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Headteachers warn over exam changes
1:44pm Sunday 4th May 2014 in © Press Association 2014
Major reforms to GCSE and A-level exams could cause "incalculable" damage to children's education, headteachers have warned.
The move to assess most subjects through written papers only is a "retrograde step" with exams at risk of becoming "a feat of memory recall," the National Association of Head Teachers (NAHT) annual conference has heard.
Under sweeping government education reforms, new, tougher GCSEs and A-levels are due to be introduced in England from 2015 onwards.
The changes will see ''modular'' qualifications scrapped in favour of two-year courses with exams at the end, less coursework, and a brand new grading system at GCSE.
But school leaders criticised the shake-up, warning that only assessing children through final written papers will give an "unreliable and unrepresentative" picture of a teenager's true abilities.
Delegates at the NAHT's annual conference in Birmingham unanimously passed a resolution urging the Government and all political parties to ensure that new GCSE, A-level and vocational qualifications contain "an appropriate balance between knowledge, understanding and skill acquisition".
Proposing the motion, Alan Mottershead, head of Trinity School in Carlisle expressed concerns over exam reforms, especially changes to assessment.
"The damage that this may do to a broad and balanced curriculum across the secondary phase, in particular in GCSE and A-level years is incalculable," he said.
He warned that final written exams are taking the place of coursework, projects, experiments and practical work in subjects such as PE, art, drama and technology.
"As exams become timed written papers at the end of course only and their content a feat of memory recall we feel also that exams will be even more of an unreliable and unrepresentative picture of a student's work or real ability," he said.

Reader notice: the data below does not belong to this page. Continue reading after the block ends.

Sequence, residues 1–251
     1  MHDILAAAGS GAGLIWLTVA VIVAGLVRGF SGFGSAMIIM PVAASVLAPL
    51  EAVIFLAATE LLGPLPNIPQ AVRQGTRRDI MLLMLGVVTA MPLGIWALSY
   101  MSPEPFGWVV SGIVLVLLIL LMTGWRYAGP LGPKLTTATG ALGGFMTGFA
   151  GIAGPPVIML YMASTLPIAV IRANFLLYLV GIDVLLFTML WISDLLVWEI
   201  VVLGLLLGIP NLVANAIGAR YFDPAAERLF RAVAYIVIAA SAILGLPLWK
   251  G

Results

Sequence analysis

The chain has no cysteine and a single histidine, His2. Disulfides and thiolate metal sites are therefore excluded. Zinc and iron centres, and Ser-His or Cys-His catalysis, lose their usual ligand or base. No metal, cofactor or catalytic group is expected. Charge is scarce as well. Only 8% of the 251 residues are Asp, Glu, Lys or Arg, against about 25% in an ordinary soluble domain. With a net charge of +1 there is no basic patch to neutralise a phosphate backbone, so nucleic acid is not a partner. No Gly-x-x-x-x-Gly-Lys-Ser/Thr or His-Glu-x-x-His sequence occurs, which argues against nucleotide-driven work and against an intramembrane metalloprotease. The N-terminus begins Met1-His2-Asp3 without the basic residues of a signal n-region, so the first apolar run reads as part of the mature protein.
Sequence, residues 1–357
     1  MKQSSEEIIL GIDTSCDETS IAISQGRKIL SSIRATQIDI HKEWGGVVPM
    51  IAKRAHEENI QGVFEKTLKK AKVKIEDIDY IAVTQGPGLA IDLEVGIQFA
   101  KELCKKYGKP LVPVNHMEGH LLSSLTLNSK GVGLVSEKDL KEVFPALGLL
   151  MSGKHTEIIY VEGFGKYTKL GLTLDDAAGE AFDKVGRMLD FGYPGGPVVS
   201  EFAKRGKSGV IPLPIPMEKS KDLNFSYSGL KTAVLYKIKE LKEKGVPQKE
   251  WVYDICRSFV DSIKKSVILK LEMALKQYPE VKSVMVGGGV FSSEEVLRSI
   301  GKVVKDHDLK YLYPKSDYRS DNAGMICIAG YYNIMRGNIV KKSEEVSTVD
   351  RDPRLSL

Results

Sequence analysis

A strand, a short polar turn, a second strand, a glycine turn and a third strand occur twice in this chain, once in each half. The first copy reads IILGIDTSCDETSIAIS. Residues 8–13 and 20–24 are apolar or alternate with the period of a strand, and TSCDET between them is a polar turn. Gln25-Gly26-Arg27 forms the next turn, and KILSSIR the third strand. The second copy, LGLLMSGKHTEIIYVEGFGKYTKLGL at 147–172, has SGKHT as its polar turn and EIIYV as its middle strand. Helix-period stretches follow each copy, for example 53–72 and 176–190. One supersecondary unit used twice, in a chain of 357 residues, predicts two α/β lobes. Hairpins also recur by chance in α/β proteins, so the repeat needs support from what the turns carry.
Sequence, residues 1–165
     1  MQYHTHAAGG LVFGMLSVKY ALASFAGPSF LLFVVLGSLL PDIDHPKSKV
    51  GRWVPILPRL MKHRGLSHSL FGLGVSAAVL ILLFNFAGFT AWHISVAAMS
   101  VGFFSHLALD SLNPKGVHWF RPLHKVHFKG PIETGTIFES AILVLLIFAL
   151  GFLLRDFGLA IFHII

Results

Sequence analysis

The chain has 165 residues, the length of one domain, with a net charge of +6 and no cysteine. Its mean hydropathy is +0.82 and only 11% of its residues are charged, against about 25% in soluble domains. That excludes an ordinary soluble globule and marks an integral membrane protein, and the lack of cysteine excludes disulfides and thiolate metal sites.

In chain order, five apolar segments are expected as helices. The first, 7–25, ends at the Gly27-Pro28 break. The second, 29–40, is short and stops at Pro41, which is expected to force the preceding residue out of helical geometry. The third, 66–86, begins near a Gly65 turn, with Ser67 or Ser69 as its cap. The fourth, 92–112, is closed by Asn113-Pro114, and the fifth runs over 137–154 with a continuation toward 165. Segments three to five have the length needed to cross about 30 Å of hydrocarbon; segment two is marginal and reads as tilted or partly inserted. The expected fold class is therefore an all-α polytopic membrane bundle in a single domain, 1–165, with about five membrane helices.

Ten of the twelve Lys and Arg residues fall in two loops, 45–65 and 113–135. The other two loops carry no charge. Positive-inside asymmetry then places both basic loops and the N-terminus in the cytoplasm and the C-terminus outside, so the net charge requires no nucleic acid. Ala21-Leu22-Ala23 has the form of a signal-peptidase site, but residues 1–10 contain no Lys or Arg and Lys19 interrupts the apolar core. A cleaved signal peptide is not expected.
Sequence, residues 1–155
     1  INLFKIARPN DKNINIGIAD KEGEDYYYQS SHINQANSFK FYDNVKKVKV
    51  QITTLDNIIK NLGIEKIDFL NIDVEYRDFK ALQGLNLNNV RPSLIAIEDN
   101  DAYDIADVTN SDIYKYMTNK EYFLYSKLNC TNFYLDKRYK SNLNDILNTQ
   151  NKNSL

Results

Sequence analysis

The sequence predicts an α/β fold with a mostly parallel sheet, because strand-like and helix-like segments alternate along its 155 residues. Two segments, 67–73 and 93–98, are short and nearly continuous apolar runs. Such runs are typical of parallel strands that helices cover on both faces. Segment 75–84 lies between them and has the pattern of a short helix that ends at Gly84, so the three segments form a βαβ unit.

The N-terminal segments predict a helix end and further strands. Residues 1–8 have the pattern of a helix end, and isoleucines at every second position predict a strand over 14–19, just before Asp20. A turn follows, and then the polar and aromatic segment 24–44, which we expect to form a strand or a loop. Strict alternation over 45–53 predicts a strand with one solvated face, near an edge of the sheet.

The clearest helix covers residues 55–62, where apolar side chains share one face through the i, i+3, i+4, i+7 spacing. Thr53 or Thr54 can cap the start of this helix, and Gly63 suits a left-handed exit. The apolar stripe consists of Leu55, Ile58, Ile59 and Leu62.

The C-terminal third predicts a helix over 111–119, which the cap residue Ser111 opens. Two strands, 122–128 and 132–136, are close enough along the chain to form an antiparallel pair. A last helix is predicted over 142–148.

"It will also deny the richness, exploration, curiosity, wonder, questioning and many other things which characterise a real education.
"They will be replaced by 'learn this and make your answer book like that'.
Mr Mottershead warned that many students, such as those who are dyslexic or suffer from exam stress, will not be helped by an exam only system.
"We want in a civilised society an opportunity for each student to do as well as they can and the changes to the exams system need to be brought into to allow that," he insisted.
Rob Campbell, head of Impington Village College, Cambridge said: "We should be preparing young people for a world that is dynamic, demands greater flexibility, and is about enterprise and creativity; I believe our curriculum and assessment should mirror these conditions.
"Therefore the planned changes that will see for most subjects the factual recall of limited content via just one mode of presentation, namely a two or three hour exam and no coursework, is a retrograde step and one I deplore."
Speaking afterwards, Mr Campbell said parents are unlikely to be happy with the change.
"I cannot believe parents will want their children assessed exclusively by terminal exam, a once and only sitting of an exam at the end of a course," he said.
Delegates at the conference also backed a new education manifesto drawn up by the union ahead of next year's General Election.
The document included a proposal for poor pupils to be given priority for school places - including at private schools - and the union called for research to be done on the impact of this plan.
It also called for a study into the impact on children's learning of the traditional long summer holiday.
A Department for Education spokesman said: "Our changes to reform GCSEs and A-levels so they are rigorous and demanding will mean pupils develop an in-depth and lasting understanding of a subject and bring to an end the treadmill of constant revision and exams.
"For years employers have complained about the lack of knowledge of school leavers, academics at top universities have insisted A-levels are made more stretching so they prepare young people for degree courses, and we have stagnated in international tables while other countries have surged ahead.
"Our changes will also address the pernicious damage caused by grade inflation and dumbing down, which have undermined students' achievements. And they will give pupils, parents, teachers, universities and employers greater confidence in the integrity and reliability of our qualifications system."